The European Banking Authority has over the last few years nailed its flag to the mast of protection and transparency for consumers, and this has most obviously been seen in the forthcoming legislation relating to Packaged Retail & Insurance-based Investment Products (PRIIPS).
The EBA is now firmly travelling down a route towards collective governance of financial products. What makes the PRIIPS legislation unique is that they cut through vast swathes of the financial services sector. As an illustration, PRIIPS mothballs two different services into one piece of legislation. One covers packaged retail based investments and the other insurance based investment products.
Vendors of PRIIPS will need to allocate substantial resource prior to 2017 to ensure that they have produced KIDs for all PRIIPS and further resource allocation in their upkeep
In the purchase of PRIIPS the new rules will cover a range of products including investment funds, life insurance policies and structured deposits and products.
Due to come into effect from December 31st 2016, requirements will be put in place to make the purchasing of PRIIPS more transparent. This will be done through the introduction of Key Information Documents (KIDs) that will allow purchasers to readily verify the suitability or otherwise of PRIIPS for purchase.
Interestingly, at this stage, Undertakings for Collective Investments in Transferable Securities (UCITs) have been omitted from the legislation for the next five years. What happens at the end of this timeframe remains to be seen.
This has placed considerable onus on the vendors of PRIIPS. As reported by Deloitte, in 2009 the total PRIIPS market was estimated at being worth €9 trillion. While a considerable chunk of this market is taken up by UCITs, there is still considerable work to be done by agents of PRIIPS to ensure that they are ready for January 2017. Manufacturers will now need to identify all PRIIPS that are sold to retail investors and develop KIDs for them – a huge undertaking.
KIDs have been designed to be simple documents (no more than three sides of A4), outlining such questions as “What is the investment?”; “what are the potential risks?” and “what are the associated costs?”. This will entail more work for PRIIP manufacturers however, as they are responsible for ensuring that all information contained within a KID is kept up to date and relevant. If information contained within a PRIIP changes and the PRIIP is then sold without the KID being updated, then the manufacturer could be held liable.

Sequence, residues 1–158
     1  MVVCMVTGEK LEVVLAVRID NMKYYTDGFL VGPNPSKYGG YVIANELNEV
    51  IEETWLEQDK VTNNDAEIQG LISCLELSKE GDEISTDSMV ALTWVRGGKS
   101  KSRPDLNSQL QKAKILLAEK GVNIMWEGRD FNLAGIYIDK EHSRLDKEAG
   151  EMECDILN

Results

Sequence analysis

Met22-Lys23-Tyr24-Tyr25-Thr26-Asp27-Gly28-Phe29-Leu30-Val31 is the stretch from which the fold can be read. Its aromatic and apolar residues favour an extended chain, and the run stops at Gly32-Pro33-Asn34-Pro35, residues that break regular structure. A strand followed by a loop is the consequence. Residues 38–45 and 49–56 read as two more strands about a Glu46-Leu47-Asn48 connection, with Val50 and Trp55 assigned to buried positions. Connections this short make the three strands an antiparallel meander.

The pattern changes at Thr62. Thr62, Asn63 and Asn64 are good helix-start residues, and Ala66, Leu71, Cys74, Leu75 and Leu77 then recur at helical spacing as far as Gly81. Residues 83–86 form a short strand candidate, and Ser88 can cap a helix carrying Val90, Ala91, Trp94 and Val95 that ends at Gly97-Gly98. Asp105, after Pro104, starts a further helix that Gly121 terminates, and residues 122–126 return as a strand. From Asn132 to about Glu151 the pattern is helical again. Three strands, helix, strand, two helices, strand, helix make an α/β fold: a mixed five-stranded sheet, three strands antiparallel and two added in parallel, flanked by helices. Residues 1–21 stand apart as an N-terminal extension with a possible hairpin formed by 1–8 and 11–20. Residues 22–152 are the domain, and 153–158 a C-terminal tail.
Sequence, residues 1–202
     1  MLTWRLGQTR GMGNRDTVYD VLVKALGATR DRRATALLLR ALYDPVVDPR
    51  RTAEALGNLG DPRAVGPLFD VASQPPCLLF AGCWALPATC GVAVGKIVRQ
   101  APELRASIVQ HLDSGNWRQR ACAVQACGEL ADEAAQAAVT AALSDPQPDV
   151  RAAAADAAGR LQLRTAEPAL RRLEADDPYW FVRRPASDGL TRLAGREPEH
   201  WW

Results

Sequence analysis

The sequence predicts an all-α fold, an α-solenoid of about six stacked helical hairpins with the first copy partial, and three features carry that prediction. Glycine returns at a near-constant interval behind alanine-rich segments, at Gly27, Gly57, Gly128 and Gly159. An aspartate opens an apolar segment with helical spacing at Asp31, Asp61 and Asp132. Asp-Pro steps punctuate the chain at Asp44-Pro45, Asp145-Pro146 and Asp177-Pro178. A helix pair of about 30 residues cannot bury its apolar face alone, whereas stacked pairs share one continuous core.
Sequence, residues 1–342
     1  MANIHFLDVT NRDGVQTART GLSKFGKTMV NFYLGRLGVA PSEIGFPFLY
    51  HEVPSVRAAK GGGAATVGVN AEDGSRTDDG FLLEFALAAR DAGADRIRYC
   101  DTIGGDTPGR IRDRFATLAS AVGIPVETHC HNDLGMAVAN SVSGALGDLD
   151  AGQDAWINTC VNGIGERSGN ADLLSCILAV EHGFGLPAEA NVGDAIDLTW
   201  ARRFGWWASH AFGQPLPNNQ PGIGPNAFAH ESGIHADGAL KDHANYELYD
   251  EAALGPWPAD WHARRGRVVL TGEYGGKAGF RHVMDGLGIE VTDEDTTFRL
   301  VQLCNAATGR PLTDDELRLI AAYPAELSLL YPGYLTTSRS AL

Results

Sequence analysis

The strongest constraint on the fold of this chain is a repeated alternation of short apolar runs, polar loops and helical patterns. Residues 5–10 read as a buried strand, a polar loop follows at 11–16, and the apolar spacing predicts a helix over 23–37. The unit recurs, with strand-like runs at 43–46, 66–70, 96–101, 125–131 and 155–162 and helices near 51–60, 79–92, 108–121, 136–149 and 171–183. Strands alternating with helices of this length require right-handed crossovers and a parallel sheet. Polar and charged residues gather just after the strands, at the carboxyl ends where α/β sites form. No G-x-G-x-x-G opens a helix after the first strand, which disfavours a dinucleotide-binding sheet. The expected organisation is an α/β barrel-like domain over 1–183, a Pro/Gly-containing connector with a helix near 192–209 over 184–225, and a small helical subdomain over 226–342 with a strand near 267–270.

Could then, KIDs be outsourced? In theory yes, there is nothing to stop manufacturers from outsourcing this part of the administration to an external partner. However, if there is an issue with a KID, such as it being found to be out of date or incorrect, then any claim would still be against the manufacturer, not the outsourced partner.
Further challenges for manufacturers of PRIIPS include the fact that all KIDs must be free of jargon, short in length and clear and understandable for consumers. Produced in Word format, they further need to be actively distributed by the manufacturers of PRIIPS, in essence a pre-contractual document.
Clearly the effects of these changes mean vendors of PRIIPS will need to allocate substantial resource prior to 2017 to ensure that they have produced KIDs for all PRIIPS and further resource allocation in their upkeep. While the new changes will be welcomed by those purchasing PRIIPS, it places a considerable onus on the seller. The flip side of these changes for the seller is that it will allow those that sell quality products to stand out from the crowd. Where in the past it may have been difficult for buyers to see differences in PRIIPS, the introduction of KIDs will illustrate clearly the differences between them. As such, sellers of PRIIPS should look at these changes as an opportunity to reinvigorate their product offering and ensure that they stand out from the crowd, rather than focusing on the additional administration that KIDs will entail.
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